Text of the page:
(11AM EST – promoted by Nightprowlkitty)
The most heated debate in Washington these days involves deficits and unemployment. There are lots of heated rhetoric, finger-pointing, and hyperbole.
What there isn’t is a surplus of actual facts.
For instance, this headline reads “U.S. should cut deficit to spur recovery, IMF says”. It implies that cutting the deficit would automatically increase economic growth.
That sounds good to me. The problem is that the IMF never actually says that. In fact, the article spends most of its time warning about a drop in economic growth.
The headline was misleading, as is just about everything said in this debate.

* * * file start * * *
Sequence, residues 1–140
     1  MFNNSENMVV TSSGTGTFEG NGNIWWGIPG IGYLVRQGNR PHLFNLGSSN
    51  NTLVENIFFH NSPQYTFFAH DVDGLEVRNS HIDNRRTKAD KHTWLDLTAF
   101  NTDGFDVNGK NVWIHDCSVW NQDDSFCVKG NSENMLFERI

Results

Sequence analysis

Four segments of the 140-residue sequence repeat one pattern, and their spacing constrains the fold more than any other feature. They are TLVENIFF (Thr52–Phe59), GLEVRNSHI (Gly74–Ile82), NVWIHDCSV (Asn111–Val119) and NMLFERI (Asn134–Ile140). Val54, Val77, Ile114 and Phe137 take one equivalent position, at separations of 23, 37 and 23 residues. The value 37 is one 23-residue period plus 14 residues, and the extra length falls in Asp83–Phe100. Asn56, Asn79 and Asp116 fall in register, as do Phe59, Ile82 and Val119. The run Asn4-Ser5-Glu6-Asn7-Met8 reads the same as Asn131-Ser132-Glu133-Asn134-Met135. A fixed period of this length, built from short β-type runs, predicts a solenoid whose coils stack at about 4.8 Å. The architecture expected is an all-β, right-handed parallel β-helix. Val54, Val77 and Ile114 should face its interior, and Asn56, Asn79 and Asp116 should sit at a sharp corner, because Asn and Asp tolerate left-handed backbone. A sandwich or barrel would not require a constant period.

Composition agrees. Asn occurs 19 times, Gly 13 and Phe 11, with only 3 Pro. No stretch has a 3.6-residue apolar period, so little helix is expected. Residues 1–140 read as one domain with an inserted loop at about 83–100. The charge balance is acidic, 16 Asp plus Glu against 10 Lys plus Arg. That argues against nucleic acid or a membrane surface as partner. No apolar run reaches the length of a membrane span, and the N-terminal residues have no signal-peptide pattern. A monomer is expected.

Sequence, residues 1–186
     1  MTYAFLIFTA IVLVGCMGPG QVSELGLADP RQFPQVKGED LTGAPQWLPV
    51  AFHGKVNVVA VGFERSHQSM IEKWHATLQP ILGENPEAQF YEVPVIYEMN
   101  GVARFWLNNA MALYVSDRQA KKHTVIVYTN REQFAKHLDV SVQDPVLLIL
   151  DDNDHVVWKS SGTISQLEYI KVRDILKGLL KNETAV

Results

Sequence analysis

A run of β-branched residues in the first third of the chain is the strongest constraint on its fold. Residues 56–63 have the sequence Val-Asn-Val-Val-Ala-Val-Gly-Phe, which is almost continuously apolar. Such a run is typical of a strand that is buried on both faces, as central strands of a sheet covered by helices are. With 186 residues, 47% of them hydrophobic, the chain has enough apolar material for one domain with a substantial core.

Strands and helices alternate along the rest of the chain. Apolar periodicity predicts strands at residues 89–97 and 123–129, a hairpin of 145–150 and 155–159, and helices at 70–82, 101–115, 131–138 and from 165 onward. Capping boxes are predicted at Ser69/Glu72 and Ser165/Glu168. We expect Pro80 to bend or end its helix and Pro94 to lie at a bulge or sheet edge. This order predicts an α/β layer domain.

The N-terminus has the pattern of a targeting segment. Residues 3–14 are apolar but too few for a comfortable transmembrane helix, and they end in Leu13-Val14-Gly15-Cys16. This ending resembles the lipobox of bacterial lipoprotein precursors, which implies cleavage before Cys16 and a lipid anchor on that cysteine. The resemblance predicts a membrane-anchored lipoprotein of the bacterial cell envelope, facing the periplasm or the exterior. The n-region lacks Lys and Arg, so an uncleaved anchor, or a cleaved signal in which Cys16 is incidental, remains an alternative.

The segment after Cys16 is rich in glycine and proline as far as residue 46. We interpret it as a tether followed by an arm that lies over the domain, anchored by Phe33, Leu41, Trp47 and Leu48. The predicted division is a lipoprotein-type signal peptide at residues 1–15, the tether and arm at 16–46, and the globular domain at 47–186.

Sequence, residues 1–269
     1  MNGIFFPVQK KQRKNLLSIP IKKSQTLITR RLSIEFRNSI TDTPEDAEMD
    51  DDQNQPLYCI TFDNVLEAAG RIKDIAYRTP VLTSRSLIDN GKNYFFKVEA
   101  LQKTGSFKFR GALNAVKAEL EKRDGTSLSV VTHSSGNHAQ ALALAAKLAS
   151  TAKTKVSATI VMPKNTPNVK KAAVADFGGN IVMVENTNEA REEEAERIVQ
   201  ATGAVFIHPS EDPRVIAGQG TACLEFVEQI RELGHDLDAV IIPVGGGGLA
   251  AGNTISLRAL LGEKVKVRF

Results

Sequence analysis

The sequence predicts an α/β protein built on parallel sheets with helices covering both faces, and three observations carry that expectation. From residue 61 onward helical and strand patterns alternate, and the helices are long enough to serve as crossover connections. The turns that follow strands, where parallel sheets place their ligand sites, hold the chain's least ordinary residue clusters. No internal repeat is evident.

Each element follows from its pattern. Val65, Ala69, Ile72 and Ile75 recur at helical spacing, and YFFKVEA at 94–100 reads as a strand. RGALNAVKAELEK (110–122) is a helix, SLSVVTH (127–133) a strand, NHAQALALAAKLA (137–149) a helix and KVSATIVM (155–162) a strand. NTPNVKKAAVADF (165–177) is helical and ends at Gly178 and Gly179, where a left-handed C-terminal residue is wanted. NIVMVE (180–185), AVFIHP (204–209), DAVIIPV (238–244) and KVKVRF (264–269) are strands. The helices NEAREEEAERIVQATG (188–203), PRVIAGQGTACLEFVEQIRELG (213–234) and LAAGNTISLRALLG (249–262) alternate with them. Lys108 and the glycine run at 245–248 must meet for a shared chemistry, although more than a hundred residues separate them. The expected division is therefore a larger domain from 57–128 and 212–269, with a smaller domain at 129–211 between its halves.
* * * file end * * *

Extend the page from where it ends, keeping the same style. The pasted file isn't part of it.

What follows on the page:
Here’s another example. The headline reads “Unemployment Extension Could Boost Jobless Rate”. This narrative fits in well with Republican opposition in Congress. Senator Jon Kyl (R-AZ) said in March on the Senate floor:
“In fact, if anything, continuing to pay people unemployment compensation is a disincentive for them to seek new work.”
Senator Judd Gregg (R-NH) believes that unemployment benefits “basically keep an economy that encourages people to, rather than go out and look for work, to stay on unemployment.”
Congressman John Linder (R-GA): “Even when businesses are willing to hire, nearly two years of unemployment benefits are too much of an allure for some.”
Sharron Angle, Republican senatorial hopeful in the state of Nevada, believes that “…we really have spoiled our citizenry and said you don’t want the jobs that are available.”